Wiley's Wisdom

Joy: From the Ground Up

Everyone Wins June 24, 2014

It’s pretty silly. It’s one of those things that probably would be classified by most of us four-legged folk as embarrassing. But I don’t really care what people think. I know happiness. I know joy. From the ground up, it happens in these moments. Silly or otherwise.

When it comes to tricks and training, my dear forever mom has always taken the lead. From her, I’ve perfected sit, stay, roll over, play dead, give kisses, and a host of other talents I’ve come to know and love. While I love the treats (especially anything involving bacon or any imitation thereof), the joy I see run across the faces of my people is a treat in itself. Hugs

What dad and I have is different. He’s been the primary initiator of my favorite family game (otherwise known as pickle in the middle), but lately he’s done more than that. He’s been my primary buddy ever since dear baby Carter was born, and though I had my reservations about this at first he has not disappointed. He’s surprised me with a number of new things, such as catch and (my personal favorite) hugs.

Here’s the thing. I know it’s pretty silly, but I’m not too much a (doggie) man to admit I need a hug from time to time. And the best part is, dad always seems to know when those times are. I don’t know how he does it, but that’s no matter. Because when he does, it’s the kind of moment us canines live for. “Wiley, come give me a hug,” he says. And I do. And I’m not lying when I say it brings my heart just as much joy (if not more) than it does him.

I think it’s something frequently forgotten about by people these days. And although I personally believe everyone needs a good hug from time to time, it doesn’t have to happen in hug form. It can be a smile. Or a caring conversation. Or anything really, that involves truly and sincerely caring for another being.

It probably sounds silly, but I don’t care. Neither did a favorite American poet of mine named Shel Silverstein, who once wrote “I will not play tug o’ war, I’d rather play hug o’ war. Where everyone hugs instead of tugs. Where everyone giggles and rolls on the rug. Where everyone kisses, and everyone grins, and everyone cuddles, and everyone wins.”

That is the kind of world I chose to make for myself. Won’t you do the same?

 

Standing In A Moment September 27, 2013

There’s this thing about dogs. New breeds continue to emerge on a daily basis, both of the mutt and purebred variety. Some have pointy ears. Others have fluffy tails. Others weigh more than some humans. But underneath it all, we all have a few things in common. Most of us like to play. A lot of us have a crazy obsession with smelling whatever we can get our nose into. And the majority of us don’t always know what’s in our best interest. Beyond that, there are a couple of things that unite us all – including (but not limited to) our perception of time. Big Time Thinking

It’s kind of hard to explain in a context other than a story like what happened to me this week. My people left me at Grandma’s house with my cousin Buddy on Wednesday. I didn’t know how long I would be there, and at first I was downright miserable. That is, until Buddy’s contagious joy struck a cord with my little doggie heart. We chased around the house and I got lost in the moment with my friend and our silliness. In that moment, I decided to live it up at Grandma’s house. Why not?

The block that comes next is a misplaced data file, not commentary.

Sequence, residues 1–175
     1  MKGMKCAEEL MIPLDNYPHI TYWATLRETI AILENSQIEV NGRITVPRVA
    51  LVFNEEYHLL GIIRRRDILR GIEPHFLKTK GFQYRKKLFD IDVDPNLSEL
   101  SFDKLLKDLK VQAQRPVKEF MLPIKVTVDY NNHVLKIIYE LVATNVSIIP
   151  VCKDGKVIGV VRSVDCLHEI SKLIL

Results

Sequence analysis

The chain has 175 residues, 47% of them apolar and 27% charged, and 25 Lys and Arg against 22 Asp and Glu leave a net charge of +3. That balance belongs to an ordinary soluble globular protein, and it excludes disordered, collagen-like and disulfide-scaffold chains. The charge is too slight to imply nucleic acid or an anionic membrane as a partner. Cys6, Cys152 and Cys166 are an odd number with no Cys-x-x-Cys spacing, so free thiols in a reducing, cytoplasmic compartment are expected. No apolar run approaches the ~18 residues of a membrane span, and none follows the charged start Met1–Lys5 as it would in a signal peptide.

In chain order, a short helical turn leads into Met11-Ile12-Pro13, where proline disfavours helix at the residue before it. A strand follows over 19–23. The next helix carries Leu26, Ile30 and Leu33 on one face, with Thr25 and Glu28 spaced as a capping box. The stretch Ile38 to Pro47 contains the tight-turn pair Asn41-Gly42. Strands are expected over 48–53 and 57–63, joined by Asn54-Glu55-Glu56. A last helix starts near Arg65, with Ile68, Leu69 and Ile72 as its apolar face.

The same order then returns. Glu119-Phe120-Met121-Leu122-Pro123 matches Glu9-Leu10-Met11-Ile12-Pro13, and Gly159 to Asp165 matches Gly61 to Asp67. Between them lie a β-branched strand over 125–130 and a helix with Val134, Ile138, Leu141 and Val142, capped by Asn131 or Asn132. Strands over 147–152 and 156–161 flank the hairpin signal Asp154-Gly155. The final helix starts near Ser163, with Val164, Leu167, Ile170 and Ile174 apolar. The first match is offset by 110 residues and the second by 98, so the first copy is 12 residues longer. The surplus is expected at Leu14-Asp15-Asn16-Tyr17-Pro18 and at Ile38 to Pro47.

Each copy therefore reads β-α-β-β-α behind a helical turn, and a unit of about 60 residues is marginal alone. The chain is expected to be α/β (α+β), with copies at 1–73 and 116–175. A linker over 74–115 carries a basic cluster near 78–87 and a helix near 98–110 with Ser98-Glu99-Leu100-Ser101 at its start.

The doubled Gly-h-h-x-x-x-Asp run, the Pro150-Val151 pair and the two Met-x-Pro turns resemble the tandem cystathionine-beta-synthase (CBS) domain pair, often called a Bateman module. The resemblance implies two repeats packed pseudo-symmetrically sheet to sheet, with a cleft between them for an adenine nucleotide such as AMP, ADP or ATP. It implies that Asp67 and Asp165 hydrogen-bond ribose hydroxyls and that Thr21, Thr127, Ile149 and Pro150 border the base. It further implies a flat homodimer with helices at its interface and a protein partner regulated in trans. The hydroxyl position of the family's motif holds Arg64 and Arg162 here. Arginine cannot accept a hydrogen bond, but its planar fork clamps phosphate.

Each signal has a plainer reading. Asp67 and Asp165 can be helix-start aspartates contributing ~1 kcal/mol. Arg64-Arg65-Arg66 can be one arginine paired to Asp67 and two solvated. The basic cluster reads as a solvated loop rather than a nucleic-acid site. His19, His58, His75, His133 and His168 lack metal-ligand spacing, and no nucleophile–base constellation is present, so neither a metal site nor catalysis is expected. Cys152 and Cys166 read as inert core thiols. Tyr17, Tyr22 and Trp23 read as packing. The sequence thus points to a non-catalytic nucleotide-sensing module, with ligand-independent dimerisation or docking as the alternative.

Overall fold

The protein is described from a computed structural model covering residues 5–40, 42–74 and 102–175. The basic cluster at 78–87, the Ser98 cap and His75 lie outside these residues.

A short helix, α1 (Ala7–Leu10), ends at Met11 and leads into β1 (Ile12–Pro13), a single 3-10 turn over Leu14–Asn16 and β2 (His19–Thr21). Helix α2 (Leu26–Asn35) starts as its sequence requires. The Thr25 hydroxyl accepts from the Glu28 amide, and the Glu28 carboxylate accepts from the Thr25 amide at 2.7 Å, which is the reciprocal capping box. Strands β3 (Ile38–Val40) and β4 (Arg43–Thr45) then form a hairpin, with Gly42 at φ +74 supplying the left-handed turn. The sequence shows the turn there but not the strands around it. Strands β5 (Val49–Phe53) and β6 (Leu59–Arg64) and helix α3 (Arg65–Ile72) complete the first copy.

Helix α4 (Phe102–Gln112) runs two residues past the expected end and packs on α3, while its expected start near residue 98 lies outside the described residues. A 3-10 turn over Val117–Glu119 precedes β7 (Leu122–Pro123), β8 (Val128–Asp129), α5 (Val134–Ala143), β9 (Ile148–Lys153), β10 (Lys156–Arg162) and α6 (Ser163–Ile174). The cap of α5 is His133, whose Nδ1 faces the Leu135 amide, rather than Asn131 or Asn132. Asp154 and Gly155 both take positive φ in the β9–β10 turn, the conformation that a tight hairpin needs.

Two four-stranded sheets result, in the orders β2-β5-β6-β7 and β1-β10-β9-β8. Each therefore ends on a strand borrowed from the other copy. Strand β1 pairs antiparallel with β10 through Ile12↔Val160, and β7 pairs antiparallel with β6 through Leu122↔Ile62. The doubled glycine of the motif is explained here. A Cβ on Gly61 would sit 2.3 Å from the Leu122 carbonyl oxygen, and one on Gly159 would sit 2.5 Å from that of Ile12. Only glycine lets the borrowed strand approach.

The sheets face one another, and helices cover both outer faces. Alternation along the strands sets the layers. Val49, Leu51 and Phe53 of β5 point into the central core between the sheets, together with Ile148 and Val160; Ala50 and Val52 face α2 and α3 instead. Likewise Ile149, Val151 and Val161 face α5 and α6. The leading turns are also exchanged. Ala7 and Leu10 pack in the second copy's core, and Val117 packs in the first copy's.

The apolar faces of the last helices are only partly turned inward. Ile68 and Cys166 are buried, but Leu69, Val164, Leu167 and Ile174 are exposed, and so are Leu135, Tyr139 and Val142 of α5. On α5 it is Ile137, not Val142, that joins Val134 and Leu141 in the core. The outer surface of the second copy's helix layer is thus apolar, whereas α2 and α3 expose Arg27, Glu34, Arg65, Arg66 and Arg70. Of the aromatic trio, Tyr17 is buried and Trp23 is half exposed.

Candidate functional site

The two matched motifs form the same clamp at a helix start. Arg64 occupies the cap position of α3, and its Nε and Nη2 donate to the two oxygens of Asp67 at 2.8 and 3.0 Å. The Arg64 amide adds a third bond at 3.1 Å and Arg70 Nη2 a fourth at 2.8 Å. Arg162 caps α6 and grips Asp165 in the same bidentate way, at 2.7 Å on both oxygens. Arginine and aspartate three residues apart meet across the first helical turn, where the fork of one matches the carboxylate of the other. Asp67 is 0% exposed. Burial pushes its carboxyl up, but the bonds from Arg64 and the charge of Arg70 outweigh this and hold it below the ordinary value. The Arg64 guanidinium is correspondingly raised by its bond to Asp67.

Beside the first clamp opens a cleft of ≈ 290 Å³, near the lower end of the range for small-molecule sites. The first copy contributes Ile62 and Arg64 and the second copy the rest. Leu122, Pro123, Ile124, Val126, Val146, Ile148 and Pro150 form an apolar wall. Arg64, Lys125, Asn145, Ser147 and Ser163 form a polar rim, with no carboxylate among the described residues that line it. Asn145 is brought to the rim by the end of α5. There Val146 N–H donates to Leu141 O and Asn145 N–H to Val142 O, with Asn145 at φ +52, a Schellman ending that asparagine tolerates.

It wasn’t long before my heart reminded me why not. Time. It’s a dog’s best and worst friend. I love it when it’s on my side, and despise it when it’s not. (I suppose this can’t be that different than the human perspective on the matter). Why is it that time seems to slow to a complete halt when we’re anxious or looking forward to something? And then when it happens it happens in the blink of an eye?

That was today for me. This morning Grandma kept teasing me about how my people were coming home today. One might think this made the day fly by as I waited for their return. Not so much. I paced. I whined. I sat and stared at Grandma. Where are they? Didn’t you say they’d be back soon? I asked her these things silently, hoping she could somehow read my mind and tell me not to worry. Time. My worst friend. I waited and waited and finally, it was time. Grandma had me outside when they arrived and I couldn’t contain my excitement. I showered them with doggie hugs and kisses. Time. My best friend.

“Time is the coin of your life,” suggested American poet Carl Sandburg. “It is the only coin you have, and only you can determine how it will be spent.”

There’s this thing about dogs. We’re playful. We like to smell anything and everything. We don’t always know what’s good for us. But above all we love people. Much of our coins are spent loving people. Case and point: I love Grandma. Even though she told on me to my people about my whining by the door after they left the other day. And therein lies the one thing that (above all) ties all canines together regardless of our differences in appearance and personality. Sure, we all have a similar perception of time. But beyond that we love people. People are our universe. And our people — my forever people — they are the world.